Below is an interview with reggae MC Tanya Stephens, originally published in New Nation newspaper in 2004. Her forthcoming album, Guilty, is due out later this year.
With one hit album in Sweden, Sintoxicated, and a string of classics such as Yuh Nuh Ready Fi Dis Yet, Big Ninja Bike and Goggle to her credit, Tanya Stephens is widely admired as one of dancehall’s greatest female acts.
Her self-produced fifth LP, Gangsta Blues, is a unique collection of 17 raps, poems and traditional dancehall tracks featuring contributions from Wyclef Jean, Dave Kelly and Spragga Benz.
The opening lines from the lead single, It’s a Pity, offer valuable insight into the mood of the new LP: “It’s a pity you already have a wife. And me done have a man inna mi life. Rude boy it is a pity”.
‘It happens all the time,’ Stephens explains. ‘People make a commitment and then meet somebody who they are more compatible with. You can be thinking “My God, what have I done to myself? I could have been happier. But you are still obligated to fulfill your commitment.
‘Hopefully that song lets you guys know that us women also have feelings too. You are not the only ones who look at other people and lust’.
Stephens delivers her often x-rated lyrics with an elegance rivals (of both sexes) must envy. And she knows good music too: the rhythm behind the song is an impressive remix of Gregory Isaacs’ 1981 hit Night Nurse, which is a reworking of Sugar Minott’s 1979 production Hard Time Pressure.
Gangsta Blues finds Stephens adopting a new approach to her music; one that’s sure to increase her international fanbase. ‘I still do hardcore stuff because I enjoy it,’ she says. ‘But I’ve also grown and broadened my lyrical content to include more serious topics.
‘I’m not that interested in the male anatomy to keep singing about it for the next 10 years, honestly. I love you guys, but it’s really not that interesting a topic to keep talking about the size of the body parts.
‘What has matured most of all is my approach to music; I’ve learned to treat it as a business. If this is what feeds me, then I have an obligation to put something back into it and not just expect people to spend their money on an album full of crap.’
Notably, unlike some of her contemporaries, Stephens is bored with dancehall’s preoccupancy with oral sex and sodomy.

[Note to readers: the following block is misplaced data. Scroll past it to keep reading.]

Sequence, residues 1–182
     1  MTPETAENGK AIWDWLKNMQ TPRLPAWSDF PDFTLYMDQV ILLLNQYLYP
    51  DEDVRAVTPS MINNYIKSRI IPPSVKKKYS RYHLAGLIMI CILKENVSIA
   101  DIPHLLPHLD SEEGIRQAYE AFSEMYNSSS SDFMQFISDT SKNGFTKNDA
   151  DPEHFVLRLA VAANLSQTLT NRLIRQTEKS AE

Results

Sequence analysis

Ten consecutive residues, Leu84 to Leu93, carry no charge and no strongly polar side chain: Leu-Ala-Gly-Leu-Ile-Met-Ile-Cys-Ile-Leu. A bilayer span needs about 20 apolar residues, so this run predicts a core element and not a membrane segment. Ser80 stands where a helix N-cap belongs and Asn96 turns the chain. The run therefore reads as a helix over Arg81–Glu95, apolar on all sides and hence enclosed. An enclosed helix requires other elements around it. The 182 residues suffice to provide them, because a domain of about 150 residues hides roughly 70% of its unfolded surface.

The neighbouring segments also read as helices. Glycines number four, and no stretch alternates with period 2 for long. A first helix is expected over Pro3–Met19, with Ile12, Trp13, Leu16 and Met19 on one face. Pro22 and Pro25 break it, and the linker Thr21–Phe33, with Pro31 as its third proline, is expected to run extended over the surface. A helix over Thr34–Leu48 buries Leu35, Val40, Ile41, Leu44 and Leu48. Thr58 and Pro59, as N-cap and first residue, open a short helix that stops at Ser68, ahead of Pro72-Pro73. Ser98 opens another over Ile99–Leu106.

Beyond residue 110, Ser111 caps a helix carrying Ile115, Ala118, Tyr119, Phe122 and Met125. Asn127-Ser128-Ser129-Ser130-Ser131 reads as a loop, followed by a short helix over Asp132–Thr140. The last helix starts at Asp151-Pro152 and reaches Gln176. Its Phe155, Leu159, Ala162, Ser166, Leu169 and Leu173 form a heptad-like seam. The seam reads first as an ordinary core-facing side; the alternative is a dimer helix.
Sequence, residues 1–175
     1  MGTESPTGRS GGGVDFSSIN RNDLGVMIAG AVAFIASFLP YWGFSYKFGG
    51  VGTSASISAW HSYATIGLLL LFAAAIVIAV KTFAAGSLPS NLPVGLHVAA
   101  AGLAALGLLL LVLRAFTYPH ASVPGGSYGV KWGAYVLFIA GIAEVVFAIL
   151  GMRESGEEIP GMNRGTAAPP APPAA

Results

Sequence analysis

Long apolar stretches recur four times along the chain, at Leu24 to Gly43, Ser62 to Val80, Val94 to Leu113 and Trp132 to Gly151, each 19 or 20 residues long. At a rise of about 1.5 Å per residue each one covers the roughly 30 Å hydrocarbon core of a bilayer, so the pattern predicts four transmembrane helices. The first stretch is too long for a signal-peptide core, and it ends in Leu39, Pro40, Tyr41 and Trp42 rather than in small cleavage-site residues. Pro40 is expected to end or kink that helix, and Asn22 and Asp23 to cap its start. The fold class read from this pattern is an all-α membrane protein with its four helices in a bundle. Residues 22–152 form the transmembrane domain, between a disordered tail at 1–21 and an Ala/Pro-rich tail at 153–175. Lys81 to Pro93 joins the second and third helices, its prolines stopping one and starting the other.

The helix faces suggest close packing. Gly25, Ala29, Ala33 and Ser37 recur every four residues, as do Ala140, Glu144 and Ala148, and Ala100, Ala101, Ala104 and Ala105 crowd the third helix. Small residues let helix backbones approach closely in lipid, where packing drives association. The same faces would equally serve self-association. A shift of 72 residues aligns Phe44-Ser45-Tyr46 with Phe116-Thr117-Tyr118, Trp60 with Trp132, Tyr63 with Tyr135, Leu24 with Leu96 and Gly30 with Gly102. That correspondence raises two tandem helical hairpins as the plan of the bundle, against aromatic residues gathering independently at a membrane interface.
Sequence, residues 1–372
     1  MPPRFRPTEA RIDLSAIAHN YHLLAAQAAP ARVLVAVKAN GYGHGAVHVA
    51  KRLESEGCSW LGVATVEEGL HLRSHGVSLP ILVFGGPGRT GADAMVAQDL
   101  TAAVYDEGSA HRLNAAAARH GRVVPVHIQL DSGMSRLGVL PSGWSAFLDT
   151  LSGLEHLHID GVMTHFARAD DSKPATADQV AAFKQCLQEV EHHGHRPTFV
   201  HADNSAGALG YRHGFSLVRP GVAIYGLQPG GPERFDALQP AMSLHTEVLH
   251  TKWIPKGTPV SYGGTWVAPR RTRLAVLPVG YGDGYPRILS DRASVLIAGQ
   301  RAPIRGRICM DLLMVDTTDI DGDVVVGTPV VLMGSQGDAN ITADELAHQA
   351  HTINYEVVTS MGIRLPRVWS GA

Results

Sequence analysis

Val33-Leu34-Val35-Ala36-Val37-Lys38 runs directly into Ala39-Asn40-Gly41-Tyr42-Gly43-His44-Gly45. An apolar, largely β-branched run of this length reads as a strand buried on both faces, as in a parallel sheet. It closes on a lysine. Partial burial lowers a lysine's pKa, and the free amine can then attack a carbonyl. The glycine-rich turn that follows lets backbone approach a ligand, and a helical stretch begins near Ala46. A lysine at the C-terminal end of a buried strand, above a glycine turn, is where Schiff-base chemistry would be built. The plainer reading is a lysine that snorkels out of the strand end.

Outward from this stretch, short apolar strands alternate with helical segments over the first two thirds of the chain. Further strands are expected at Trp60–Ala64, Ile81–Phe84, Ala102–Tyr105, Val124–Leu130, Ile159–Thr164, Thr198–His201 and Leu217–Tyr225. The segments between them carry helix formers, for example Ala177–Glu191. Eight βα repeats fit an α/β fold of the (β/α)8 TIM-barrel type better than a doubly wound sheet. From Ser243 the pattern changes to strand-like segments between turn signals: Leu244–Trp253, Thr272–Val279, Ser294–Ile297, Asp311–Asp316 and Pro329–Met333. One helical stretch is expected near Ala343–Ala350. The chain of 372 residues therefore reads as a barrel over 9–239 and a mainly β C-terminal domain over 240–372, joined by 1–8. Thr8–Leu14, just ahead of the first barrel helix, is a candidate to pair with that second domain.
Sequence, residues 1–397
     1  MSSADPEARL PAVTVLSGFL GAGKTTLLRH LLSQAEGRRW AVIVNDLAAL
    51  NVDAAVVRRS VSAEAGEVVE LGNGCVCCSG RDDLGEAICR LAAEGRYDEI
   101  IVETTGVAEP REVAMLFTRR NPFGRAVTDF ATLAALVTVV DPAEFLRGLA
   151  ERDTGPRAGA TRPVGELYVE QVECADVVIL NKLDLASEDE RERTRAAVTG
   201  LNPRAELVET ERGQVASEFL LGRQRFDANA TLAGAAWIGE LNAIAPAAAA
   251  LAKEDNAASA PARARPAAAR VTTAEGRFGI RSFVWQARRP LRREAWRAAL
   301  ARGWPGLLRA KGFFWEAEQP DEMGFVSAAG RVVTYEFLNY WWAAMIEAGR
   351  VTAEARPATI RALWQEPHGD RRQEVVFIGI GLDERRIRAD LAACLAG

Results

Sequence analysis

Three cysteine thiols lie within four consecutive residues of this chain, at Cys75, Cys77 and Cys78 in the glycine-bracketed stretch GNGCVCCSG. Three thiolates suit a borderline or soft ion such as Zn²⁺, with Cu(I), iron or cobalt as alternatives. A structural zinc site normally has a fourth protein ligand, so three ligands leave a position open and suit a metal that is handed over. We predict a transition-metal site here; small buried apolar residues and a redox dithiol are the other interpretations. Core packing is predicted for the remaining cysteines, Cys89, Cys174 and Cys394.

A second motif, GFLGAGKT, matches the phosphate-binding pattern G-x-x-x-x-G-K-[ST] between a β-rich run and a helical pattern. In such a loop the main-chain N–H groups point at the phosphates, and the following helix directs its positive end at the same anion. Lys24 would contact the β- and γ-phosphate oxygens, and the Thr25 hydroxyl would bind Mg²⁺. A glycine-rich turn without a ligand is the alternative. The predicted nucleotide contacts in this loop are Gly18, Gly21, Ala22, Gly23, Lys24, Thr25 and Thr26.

‘I think we really need to get off the whole bow cat and chi-chi man thing, it’s tired. Whether you want to practice fellatio or not isn’t really such an entertaining topic. We could do a lot more to earn a forward (applause) than to hit on people for their sexual preferences. I don’t think it’s any of our damn business anyway.’
Elsewhere on the album, stand-out cuts include What’s Your Story, a question for Tanya’s boyfriend who keeps going AWOL in the middle of the night, and What A Day, a moving anti-war track.
When Radio 1’s Chris Goldfinger first played the song during the beginning of the war in Iraq last year, it suggested Tanya had turned political.
‘I’m somebody who gets affected by everything around me; even things that don’t touch my life directly,’ she says. ‘I’m not going to pretend I’m the typical artist who does this for love; I do this for money. I get paid somewhat and I can afford to live comfortably, turn a blind eye and just watch MTV and BET, and not to notice there is a war going on.
‘But that’s kinda impossible because I like to keep abreast of what’s going on; even things that are happening in the most remote parts of the world affect us because we all share this planet.’
As she prepares for US and European tours to promote the new album, Stephens says her motto for 2004 is: ‘Be prepared for anything; the sky is the limit. We’re not sure what’s gonna happen, but we’re damn sure it can and as long as we make moves to make it happen, it will.’